Top 20 Releases of 2017: No.12 – Cornelius – Mellow Waves

cornelius - mellow waves

CD, Warner Music, 2017

“Zealously precise” and “exactingly funky” have for a long time been useful terms in summarising the work of former Shibuya-kei godhead Cornelius, and with Mellow Waves we can add “scrupulously smooth”.

The album has been described by some reviewers as being warmer than its predecessors Sensuous and Point, and in terms of the sound production and overall more richly layered nature of the songs that’s perhaps true. The closing duo of Rain Song and Crépuscule make fine use of acoustic guitar, the sliding of fingers along the frets during the latter becoming a seamless element of the subtle soundscape that Cornelius builds around it. However, the album is no less clinical in terms of how it deploys the scientific principles of sonic warmth and calculates to a fraction of a degree the ideal angle to which it should be laid back.

That’s not to deny that there is a clear shift in approach though. On earlier albums, in particular on Point, Cornelius made a lot out of songs based around a single musical idea that he would then develop in subtle variations throughout the song in a way that nevertheless didn’t compromise the concept’s essential minimalism. Mellow Waves shifts the emphasis away from that mode of song construction, with most tracks taking the form of more or less conventionally structured pop songs containing a multitude of moving parts.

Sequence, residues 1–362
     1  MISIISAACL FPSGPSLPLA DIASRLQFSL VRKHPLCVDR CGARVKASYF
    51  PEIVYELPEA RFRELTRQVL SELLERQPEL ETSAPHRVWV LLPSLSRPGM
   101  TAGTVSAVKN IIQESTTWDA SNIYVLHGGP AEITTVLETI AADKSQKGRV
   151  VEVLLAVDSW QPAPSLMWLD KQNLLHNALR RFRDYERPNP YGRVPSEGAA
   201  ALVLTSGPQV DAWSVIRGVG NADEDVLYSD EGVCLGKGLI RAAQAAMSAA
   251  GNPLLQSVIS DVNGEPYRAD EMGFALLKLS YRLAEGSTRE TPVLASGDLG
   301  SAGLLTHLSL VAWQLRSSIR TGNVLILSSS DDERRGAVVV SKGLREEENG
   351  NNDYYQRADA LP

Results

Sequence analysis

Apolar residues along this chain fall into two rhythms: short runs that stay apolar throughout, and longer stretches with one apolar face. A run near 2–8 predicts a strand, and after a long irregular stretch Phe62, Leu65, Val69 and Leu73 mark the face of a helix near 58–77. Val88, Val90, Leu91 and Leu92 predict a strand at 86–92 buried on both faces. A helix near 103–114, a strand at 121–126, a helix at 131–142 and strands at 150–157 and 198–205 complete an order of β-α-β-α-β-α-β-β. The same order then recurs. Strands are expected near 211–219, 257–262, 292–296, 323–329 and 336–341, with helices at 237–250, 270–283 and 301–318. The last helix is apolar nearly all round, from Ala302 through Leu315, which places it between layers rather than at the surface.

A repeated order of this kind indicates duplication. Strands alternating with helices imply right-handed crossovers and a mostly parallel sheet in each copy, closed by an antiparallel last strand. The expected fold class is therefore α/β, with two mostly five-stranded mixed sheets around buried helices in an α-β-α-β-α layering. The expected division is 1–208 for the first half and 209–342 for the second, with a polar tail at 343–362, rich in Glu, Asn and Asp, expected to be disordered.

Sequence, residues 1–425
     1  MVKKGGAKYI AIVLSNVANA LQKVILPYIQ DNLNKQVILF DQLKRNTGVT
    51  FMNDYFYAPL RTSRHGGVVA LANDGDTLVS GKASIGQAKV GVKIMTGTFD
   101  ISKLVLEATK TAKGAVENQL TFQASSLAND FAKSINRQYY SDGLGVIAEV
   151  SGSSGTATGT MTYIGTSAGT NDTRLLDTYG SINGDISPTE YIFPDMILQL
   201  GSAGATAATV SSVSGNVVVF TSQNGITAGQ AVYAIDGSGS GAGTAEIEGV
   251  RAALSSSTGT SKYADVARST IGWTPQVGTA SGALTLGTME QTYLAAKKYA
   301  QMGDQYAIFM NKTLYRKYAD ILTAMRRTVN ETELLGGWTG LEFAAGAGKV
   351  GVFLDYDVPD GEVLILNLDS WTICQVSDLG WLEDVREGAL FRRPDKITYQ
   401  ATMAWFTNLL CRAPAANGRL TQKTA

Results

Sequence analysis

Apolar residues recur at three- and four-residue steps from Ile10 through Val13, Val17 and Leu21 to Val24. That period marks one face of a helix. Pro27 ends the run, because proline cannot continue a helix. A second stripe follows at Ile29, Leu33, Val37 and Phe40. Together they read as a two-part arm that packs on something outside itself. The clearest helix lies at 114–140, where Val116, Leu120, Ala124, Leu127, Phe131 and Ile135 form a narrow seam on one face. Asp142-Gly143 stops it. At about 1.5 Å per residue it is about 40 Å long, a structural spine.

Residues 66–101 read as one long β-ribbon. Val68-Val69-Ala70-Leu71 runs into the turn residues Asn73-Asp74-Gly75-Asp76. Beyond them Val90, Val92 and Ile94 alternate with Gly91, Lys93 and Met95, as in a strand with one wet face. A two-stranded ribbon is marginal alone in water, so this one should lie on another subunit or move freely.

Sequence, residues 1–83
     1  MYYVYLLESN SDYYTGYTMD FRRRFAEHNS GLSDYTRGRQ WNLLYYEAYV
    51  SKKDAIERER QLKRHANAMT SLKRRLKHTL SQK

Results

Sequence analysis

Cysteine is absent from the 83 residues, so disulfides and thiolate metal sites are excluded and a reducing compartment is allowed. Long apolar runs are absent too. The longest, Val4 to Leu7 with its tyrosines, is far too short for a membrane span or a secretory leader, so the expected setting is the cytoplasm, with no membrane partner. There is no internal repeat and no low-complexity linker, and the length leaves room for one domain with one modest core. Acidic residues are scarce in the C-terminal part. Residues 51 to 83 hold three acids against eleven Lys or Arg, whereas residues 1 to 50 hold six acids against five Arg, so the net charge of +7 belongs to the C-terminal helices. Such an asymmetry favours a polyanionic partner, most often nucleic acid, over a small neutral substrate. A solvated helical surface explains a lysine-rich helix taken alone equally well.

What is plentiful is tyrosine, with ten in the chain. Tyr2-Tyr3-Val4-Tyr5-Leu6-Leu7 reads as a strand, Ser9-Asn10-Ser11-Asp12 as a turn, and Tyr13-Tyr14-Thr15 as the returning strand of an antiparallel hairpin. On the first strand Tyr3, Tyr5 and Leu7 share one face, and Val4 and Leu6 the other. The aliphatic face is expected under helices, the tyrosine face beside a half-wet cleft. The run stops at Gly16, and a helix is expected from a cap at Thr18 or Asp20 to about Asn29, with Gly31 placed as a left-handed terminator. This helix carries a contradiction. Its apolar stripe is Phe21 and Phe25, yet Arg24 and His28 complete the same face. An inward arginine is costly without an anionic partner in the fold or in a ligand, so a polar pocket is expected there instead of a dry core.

What sets Mellow Waves apart is that, where earlier albums thrived on the tension between organic elements (a live instrument, a drop of water) and technology, now Cornelius seems more interested in eliminating that tension, exploring the areas where the barrier between the organic and electronic becomes permeable. The gorgeous, Eno-esque Surfing on Mind Wave Pt.2 is a case in point, with strings that phase between organic and synthetic sounds, and then, as the electronic effects seem to be taking over, the sounds of voices, gulls and ocean waves start to creep into the mix.

Cornelius shares a lot in common with a band like Steely Dan, in that he pursues with scientific precision the emotional and sensual truths other artists simply feel their ways towards. Whether he gets closer here than on earlier albums is debatable, but his process has never been so richly developed.

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